With the 23rd pick, the Flames drafted Tim Erixon, a huge, two-way defenseman from the Swedish Elite League. Erixon's father is former NHLer Jan Erixon. Sutter had targeted Erixon all along, and was elated to snag him at 23.
"We got the player we wanted; we didn't think he'd still be available," said Sutter. "That's a pretty good hockey team when you look at that national team from Sweden... (Erixon) is a very good skater, sees the ice very well, passes the puck really well and he's probably a bit more mature than most of the kids in that age group, so he was a really good pick for us."
"It's a dream come true and I'm real proud, I hope my family's proud," said Erixon.
As the second day of the draft dawned, the Bell Centre was buzzing when Darryl Sutter traded Jordan Leopold and the 67th overall pick to the Florida Panthers for Jay Bouwmeester
. Bouwmeester was scheduled to become an unrestricted free agent on July 1, and was considered by many to be the top free agent available on the market.
The Bouwmeester deal marked the beginning of a busy day for the Flames, who drafted Ryan Howse
, Henrik Bjorklund, Spencer Bennett, Joni Ortio
, and Gaelen Patterson in the latter rounds. The Flames also traded Jim Vandermeer to the Phoenix Coyotes for Brandon Prust.
With only days before July 1, Darryl Sutter had to move fast and make the most of his exclusive negotiating window with Bouwmeester, who was found three hours north in Edmonton, his hometown.
On the eve of free-agency GM's around the league work themselves into a frenzy as they salivate on the potential impact a top free agent may have on their team. Unfortunately for the other 29 teams in the NHL, the player that made their hearts beat fastest wasn't available when the signing period began. By July 1, Jay Bouwmeester
had agreed to a five year deal to play in Calgary.
"He's maybe the best all-around defenseman in the game, both ends of the ice, with or without the puck," said Sutter, who has assembled arguably the most imposing corps of blueliners in the league.
"Age was a critical factor (with Bouwmeester). It's the position of our organization that we've now got to the point where we can keep our defense together for a long time... We got the player we wanted. We prioritized that position and that young man and we're proud to have him."
Bouwmeester, who had played his entire career with the Florida Panthers, was eager to play in a hockey-mad city with a competitive team. When the Flames took the initiative to acquire him at the draft, the decision to sign was not a difficult one.
"When the trade happened it gave you a lot to think about. I was familiar enough with the situation, I know the guys here. I know what kind of people they are. Everyone talked highly of the organization. I know the area and the situation with the fans, how passionate people are about hockey here," said Bouwmeester.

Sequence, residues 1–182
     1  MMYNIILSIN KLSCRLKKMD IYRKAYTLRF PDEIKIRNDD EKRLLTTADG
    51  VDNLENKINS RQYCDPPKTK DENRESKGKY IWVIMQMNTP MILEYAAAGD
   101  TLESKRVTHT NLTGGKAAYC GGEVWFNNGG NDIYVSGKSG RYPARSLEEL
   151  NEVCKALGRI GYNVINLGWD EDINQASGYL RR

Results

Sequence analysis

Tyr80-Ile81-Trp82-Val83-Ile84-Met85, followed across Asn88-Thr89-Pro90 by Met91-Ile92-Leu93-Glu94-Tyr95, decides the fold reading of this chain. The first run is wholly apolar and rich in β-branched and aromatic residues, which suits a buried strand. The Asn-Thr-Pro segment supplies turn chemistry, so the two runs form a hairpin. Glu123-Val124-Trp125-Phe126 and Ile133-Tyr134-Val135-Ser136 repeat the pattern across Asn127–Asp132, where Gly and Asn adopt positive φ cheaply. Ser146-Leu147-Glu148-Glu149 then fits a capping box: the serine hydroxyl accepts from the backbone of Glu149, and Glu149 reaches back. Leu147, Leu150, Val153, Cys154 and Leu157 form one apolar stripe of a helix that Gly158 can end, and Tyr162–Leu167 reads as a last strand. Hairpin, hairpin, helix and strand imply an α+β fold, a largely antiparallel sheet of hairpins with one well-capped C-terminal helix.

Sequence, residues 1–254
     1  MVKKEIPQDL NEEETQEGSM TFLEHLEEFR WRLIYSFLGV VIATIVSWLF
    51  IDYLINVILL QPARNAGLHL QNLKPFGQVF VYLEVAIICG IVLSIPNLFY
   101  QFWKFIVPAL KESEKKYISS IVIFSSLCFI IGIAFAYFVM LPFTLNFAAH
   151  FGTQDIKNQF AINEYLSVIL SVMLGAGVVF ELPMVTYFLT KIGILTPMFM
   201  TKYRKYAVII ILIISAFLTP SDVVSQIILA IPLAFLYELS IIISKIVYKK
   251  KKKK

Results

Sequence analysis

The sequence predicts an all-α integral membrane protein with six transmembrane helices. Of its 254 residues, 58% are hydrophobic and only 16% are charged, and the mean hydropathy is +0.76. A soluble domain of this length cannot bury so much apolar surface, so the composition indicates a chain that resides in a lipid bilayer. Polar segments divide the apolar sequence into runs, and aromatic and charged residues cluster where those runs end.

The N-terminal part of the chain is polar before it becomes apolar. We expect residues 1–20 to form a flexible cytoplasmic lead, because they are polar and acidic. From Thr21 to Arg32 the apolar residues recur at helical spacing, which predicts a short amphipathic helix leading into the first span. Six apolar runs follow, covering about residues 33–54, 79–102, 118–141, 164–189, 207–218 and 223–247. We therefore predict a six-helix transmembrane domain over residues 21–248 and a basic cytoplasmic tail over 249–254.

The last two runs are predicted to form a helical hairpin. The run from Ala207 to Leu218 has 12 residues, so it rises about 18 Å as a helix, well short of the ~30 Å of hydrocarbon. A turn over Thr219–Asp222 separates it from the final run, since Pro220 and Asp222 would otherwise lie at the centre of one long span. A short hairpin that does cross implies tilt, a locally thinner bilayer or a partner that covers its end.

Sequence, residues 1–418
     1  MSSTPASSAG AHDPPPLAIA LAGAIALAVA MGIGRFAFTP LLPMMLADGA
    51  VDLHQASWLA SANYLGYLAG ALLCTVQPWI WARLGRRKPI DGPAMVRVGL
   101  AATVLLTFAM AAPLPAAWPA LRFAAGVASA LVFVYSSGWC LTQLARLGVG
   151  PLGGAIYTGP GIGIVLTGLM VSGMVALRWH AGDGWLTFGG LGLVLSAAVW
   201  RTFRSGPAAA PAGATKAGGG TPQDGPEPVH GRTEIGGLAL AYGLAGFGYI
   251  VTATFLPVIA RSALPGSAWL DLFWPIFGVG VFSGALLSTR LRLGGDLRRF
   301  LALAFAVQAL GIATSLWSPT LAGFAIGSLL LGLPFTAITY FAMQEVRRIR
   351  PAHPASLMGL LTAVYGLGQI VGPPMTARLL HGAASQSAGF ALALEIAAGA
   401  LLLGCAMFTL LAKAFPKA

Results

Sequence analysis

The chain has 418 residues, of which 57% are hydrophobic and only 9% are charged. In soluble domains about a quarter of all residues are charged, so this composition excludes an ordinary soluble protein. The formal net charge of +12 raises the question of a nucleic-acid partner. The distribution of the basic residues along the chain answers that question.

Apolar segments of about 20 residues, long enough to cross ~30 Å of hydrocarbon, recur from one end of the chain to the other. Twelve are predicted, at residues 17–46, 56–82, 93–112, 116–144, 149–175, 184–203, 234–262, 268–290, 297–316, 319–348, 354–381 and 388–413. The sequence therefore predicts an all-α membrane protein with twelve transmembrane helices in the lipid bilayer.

"The attitude here is not try to make the playoffs, it's try to win a championship, and that's all you can ask for… It was a lot to digest in not such a long time, but at the end of the day I thought it was a good fit."
Bouwmeester has seen plenty of his new head coach on the opposing bench, both in his junior days as a Medicine Hat Tiger when Brent Sutter coached the Red Deer Rebels, and as a Panther when Sutter coached the Devils. With camp only weeks away, Bouwmeester is looking forward to sunny days with his new coach and teammates.
"He's a good coach, and that's the verdict no matter who you talk to, and that's exciting. We have a good group of players, he's going to demand a lot and get the most out of us," said Bouwmeester.
"Hopefully I can come in and add another dimension."
The Flames have kept up their fervent pace since the Bouwmeester signing. On July 1 the team came to terms with Adam Pardy, who played a valuable role down the stretch last season. Another valuable role player from last season, Jamie Lundmark, was also re-signed. Darryl Sutter has since imported forwards Fredrik Sjostrom, Garth Murray, and Riley Armstrong.
As for our own prospects, Kyle Greentree and Curtis McElhinney were signed early in the offseason, while Dustin Boyd and Kris Chucko were given qualifying offers as restricted free agents.
With all the additions must come subtractions, and the Flames unfortunately had to say goodbye to free agents Mike Cammalleri
and Adrian Aucoin, who signed new contracts with the Montreal Canadiens and Phoenix Coyotes respectively.
Training camp is still a number of weeks away, and the excitement will undoubtedly grow as the cowboys mosey on out of town and our brief dance with summer ends. Darryl Sutter and co. have put forth a great deal of effort assembling a team deserving of that excitement, if the team can match the effort and desire management seems to possess, the rest of the league is in big, big trouble.